If aperture isn’t the issue, you can also move closer to the subject or move the subject farther from the background. Sometimes, finding brighter pinpoints of light helps too. For example, it’s easier to get bokeh with Christmas lights than it is to get it from light reflecting off tree leaves.


Club outing to Vermont Salt Pan

Location: Vermont Salt Pan, Rockhopper Street, Vermont

Date and Time: 5.30 pm Wednesday 15 September 2021

Meet at Parking Lot at end of Rockhopper

Guides: Daniel Reddie and David Wilson

The Vermont Salt Pan offers some great sunset opportunities (weather permitting of course) but the birdlife is truly awesome with at times hundreds of flamingos but also a multitude of other birds including three species of herons, waders, cormorants, ducks and geese. And even oneBlue Crane earlier this year!


Rejuvenating our Rules and Regulations

The club has revised its Rules and Regulations. They are now more succinct and address concerns that members share regarding the slow rate of advancement progress. The system is now easier to understand and implement on the Photo Vault Online portal. It is also better aligned with the guidelines provided by the Photographic Society of South Africa.

Some of the key changes are:

  • From October the deadline for submitting images to Photo Vault will be the Wednesday prior to the club meeting and no longer the Saturday.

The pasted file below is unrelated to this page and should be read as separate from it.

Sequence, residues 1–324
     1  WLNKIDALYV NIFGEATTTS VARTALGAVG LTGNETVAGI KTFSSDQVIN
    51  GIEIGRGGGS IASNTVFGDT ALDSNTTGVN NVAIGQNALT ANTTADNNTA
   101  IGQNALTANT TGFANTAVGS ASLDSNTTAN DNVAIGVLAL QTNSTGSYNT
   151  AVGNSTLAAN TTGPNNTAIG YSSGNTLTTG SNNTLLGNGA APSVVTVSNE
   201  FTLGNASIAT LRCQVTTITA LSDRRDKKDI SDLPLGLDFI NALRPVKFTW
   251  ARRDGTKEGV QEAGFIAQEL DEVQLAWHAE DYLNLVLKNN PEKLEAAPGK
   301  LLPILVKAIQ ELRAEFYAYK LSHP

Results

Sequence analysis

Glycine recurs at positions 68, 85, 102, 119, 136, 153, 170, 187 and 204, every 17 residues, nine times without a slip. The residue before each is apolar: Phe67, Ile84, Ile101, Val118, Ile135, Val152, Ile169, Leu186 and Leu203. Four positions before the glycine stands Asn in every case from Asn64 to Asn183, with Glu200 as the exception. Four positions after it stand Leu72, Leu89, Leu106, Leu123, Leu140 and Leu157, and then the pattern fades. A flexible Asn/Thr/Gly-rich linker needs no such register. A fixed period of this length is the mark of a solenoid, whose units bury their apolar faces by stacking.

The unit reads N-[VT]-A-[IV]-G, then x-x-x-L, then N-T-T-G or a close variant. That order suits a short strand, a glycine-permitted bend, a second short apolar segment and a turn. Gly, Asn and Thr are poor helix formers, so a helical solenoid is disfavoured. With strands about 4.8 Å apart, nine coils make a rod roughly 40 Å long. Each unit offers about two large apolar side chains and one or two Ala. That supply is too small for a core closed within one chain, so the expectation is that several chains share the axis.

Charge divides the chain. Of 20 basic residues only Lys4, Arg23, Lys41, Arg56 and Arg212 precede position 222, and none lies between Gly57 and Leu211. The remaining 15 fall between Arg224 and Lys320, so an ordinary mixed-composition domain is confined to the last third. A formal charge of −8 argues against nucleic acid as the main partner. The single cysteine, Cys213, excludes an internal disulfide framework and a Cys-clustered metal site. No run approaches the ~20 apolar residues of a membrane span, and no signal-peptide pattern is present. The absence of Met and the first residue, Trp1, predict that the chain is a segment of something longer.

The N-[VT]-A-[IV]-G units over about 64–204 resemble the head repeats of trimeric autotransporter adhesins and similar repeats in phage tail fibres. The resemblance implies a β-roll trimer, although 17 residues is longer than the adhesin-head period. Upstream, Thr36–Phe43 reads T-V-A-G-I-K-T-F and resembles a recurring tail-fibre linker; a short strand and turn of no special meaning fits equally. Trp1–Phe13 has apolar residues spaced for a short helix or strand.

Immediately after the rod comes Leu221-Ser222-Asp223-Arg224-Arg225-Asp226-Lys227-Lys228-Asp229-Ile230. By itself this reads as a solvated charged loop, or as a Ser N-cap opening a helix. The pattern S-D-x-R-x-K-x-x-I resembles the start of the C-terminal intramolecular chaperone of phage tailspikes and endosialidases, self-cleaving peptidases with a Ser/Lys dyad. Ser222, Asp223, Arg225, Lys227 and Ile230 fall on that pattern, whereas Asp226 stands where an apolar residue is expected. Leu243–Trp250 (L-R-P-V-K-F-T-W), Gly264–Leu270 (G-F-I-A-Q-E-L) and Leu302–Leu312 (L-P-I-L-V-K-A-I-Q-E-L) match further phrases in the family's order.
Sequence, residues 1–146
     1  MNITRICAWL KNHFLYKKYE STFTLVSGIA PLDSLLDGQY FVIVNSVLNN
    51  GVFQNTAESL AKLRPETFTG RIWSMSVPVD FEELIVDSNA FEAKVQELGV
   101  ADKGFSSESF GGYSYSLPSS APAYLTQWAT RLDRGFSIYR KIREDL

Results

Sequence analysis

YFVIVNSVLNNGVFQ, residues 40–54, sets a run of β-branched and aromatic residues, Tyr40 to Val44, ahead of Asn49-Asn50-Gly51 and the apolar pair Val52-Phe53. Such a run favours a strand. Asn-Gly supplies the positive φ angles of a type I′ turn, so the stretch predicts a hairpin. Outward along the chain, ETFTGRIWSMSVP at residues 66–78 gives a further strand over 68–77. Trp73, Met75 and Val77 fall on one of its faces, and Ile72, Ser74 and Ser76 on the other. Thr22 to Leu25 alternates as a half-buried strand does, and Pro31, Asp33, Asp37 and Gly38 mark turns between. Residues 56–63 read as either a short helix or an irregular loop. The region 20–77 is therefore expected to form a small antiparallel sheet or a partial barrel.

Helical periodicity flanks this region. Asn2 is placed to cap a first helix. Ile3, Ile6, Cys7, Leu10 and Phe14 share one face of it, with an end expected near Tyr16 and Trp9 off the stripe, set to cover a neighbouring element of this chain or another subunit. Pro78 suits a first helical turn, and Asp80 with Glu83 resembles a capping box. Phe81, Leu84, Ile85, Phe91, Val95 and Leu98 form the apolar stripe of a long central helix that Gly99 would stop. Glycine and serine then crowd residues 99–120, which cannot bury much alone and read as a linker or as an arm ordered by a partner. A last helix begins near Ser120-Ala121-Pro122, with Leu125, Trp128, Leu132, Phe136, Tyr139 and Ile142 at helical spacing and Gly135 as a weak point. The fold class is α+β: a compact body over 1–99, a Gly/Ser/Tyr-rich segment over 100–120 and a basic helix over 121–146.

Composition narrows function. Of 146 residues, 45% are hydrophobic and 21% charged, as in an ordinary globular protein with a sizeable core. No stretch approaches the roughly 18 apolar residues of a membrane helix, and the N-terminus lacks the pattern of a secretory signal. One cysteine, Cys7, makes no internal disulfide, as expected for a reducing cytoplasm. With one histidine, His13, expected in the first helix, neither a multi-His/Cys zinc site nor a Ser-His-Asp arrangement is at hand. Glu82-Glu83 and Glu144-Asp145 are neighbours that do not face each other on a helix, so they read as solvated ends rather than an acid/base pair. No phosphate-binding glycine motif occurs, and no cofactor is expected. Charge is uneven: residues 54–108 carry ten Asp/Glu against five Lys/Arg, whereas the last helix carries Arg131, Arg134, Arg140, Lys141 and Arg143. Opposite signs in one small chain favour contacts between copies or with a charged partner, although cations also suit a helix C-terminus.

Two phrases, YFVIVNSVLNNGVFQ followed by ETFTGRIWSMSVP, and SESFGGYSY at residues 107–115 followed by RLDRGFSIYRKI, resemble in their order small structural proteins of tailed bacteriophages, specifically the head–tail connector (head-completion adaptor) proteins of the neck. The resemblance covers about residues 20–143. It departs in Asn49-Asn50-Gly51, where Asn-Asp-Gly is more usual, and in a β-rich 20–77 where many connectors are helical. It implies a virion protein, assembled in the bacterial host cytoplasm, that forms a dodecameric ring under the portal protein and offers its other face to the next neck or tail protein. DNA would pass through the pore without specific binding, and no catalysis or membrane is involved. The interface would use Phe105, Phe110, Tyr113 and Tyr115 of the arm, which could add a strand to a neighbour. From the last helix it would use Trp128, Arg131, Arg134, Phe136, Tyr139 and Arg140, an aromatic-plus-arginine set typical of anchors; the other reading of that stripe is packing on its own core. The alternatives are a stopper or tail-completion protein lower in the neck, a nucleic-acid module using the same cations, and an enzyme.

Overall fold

• The threshold for 4-Star workers is lowered by one point. This change will be retroactive from January 2020 and advancement will be recomputed from this date.
  • It is now possible to advance to higher levels without achieving salon acceptances, albeit at a slower pace.
  • ‘Magister’ is renamed ‘Master’ and there are multiple levels ranging from Master Bronze to Master Diamond.

“It will unfortunately take some weeks to fully implement the changes which seem to be a truly massive undertaking but the result will be a system that is up to date, transparent and eventually allow all members to get a real-time summary of their own progress through the advancement system,” says Club President David Wilson.


Going for your honours

Western Cape honours group starts in September

The Western Cape Photographic Forum will resume its honours group discussions in September 2021. The group is aimed to assist photographers who are planning to enter honours panels in the PSSA’s February 2022 judging session.

Kim Stevens has agreed to lead such a group for us. We are planning to start on Monday 20 September with further meetings planned for Thursdays 20 October and 18 November. Arrangements will only be finalised at our first meeting. Meetings will take place via Zoom in the evenings.

Members who are interested to take part should contact Nicol du Toit at nicol@sportstrader.co.za before 1 September 2021.